Can't wait to see how this airport handles the World Cup. Beware of sarcasm.


Thursday, July 25, 2013

Catavento - São Paulo



This is a photo of the Catavento ("Pinwheel") Museum in São Paulo. It is probably my second favorite after Butantan (the snake and spider museum). Fully half of Catavento is dedicated to hands-on learning, much like the Exploratorium in San Francisco (though that museum could eat Catavento for a snack). It is a place where you long to have a 10 year with whom to play with physics problems, light reflections, noises. My kids are a little young at 6 years to fully appreciate the explanations behind the fun--mostly they are interested in making noise and pulling levers.

The museum is housed in the old Palacio das Industrias, which dates from 1920. It's a crazy building in itself with animal gargoyles hanging off of every parapet. Definitely worth a visit. Afterwards you can head to the giant Municipal Market for lunch!


Wednesday, July 24, 2013

Garbage platforms - São Paulo


These are garbage cans in residential neighborhoods in São Paulo. Yes, they are. You set your garbage bags on this basket/platform after 6 pm and the garbage men pass by during the night. I am guessing that this format is key here in Brazil for two reasons: 1. No one steals the cans. 2. No stray dogs can rip holes in bags and get the stuff.  Okay, maybe one more reason: many more dumpster diver opportunities when it's all out in the open to look at! But maybe that's just me (a master-class dumpster diver).

Tuesday, July 23, 2013

Lake Michigan vs. Brazil's Atlantic Ocean

None of these folks are related to me.

Saugatuck, Michigan vs. Guaecá, São Paulo state

Saugatuck is where I was visiting with a few girlfriends this weekend. Guaecá is the beach that I have visited in Brazil annually since 1996.

1. Saugatuck is sweet water (not the drinking kind but the lake kind). Guaecá is saltwater Atlantic Ocean.

2. Small waves in Lake Michigan. Large and larger waves in Brazil. Guaecá is known as a surfing beach. Surfers in Lake Michigan consist of paddleboarders.

3. In Saugatuck no one wanders by to offer me coconuts, water, beer, shrimp, corn on the cob, ice cream, blankets, hammocks, hats, sunglasses or jewelry. No one offers me anything. On the other hand, every one says hi as I walk by them on the beach. No one has ever said hi to me ever in Guaecá. Unless related to me by blood or marriage.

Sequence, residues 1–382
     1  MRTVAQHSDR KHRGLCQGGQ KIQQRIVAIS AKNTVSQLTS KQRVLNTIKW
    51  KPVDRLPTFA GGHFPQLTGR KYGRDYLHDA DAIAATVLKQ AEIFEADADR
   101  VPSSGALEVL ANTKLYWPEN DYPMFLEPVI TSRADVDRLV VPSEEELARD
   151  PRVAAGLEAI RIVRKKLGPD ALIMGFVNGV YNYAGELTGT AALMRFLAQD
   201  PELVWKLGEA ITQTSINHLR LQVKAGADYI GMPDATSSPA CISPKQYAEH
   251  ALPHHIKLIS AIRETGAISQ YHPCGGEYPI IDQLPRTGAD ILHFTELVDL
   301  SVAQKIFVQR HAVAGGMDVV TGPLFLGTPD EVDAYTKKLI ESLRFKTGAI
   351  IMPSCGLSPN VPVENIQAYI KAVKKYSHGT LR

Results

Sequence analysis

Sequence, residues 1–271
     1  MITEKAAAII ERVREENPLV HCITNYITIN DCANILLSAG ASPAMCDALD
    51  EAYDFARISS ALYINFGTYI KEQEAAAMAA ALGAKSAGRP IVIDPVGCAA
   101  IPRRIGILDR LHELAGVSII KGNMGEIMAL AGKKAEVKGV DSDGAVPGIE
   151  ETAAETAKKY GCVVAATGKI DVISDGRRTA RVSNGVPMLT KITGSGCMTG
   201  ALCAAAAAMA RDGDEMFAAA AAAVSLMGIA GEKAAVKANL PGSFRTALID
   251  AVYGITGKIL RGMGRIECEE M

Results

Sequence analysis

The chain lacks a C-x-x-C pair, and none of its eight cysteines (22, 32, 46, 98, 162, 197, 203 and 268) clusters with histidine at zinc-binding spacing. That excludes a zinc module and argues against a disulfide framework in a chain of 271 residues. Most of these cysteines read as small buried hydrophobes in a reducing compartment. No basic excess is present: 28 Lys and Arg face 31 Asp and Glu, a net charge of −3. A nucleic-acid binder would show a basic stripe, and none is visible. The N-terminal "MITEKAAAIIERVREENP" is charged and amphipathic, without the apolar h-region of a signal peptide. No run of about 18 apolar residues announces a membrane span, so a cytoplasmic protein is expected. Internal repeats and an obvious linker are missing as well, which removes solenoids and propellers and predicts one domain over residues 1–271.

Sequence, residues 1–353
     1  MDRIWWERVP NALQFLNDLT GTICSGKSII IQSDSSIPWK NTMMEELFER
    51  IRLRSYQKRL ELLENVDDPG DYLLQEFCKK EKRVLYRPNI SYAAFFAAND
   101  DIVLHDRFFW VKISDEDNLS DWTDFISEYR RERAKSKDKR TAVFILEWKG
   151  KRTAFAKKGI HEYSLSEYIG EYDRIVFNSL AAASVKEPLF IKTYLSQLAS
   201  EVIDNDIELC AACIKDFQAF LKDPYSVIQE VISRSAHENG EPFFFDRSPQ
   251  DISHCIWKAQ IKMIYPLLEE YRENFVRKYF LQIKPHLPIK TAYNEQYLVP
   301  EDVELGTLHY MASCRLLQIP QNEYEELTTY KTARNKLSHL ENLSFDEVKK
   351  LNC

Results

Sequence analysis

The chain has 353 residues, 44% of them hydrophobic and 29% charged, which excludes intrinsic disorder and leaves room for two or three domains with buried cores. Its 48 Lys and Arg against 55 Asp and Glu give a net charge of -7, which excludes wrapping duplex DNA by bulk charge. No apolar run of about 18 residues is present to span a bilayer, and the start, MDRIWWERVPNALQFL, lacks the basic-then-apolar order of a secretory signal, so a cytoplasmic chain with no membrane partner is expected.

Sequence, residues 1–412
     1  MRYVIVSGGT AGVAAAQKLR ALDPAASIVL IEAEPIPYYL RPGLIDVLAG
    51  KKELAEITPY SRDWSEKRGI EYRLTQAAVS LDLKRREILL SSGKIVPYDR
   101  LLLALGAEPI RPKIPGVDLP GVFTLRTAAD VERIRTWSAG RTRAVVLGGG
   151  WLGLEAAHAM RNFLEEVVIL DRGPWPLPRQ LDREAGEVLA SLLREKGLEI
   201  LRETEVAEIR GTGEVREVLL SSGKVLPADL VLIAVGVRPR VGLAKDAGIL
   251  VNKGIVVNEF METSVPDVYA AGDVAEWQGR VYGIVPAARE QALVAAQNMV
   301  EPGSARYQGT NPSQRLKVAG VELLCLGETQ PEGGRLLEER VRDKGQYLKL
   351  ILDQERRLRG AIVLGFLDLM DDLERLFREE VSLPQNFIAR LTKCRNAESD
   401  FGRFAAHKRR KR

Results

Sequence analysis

4. Saugatuck has blondes. Natural blondes. Hello, Dutch descendants. Guaecá has blondes. Not natural. Except me. And Lalo.

5. Saugatuck: Everyone totes in their own food. Large wheeled coolers, snow sleds, children are all loaded up with food and drinks. Brazil: All in-laws loaded up with snacks and a styrofoam cooler of beer. Anything forgotten can be bought.

6. Saugatuck: it costs $6 to park. Guaecá: nada.

7. Saugatuck: public bathrooms. Guaecá: ocean. 

8. Saugatuck: boats that pass consist of one motor boat (large) and one paddlewheel (large tourist). Guaecá: lots and lots of enormous Petrobras tankers.

9. Sunset over both. Yes. Sunset on the Atlantic Ocean in Guaecá because of a jig in the coastline around São Sebastião.


Similarities:

1. Chubbies are everywhere. No one cares.

2. Fried gringos are everywhere. No change.

3. Tattoos are everywhere. Though I think Michigan wins.



Monday, July 22, 2013

Getting crafty - São Paulo


This is a bedspread our housekeeper's aunt made for me. It is for my son Lalo's bed and is made of pieces of his baby onesies and shirts. It is one of my favorite items in my house. Nico has one too.

Sunday, July 21, 2013

Prison or College? - São Jose dos Campos


These are the dorms of the Air Force Academy of Brazil (Instituto Tecnologico de Aeronautica, or something like that--ITA), one of the top engineering colleges in the country. My husband is an alum. As far as he can tell, they have not updated or repaired the dorm rooms in the 20+ years since he graduated. I can tell you that I would not sentence stray dogs to live there. It is no wonder they call underclassmen "bichos" or animals.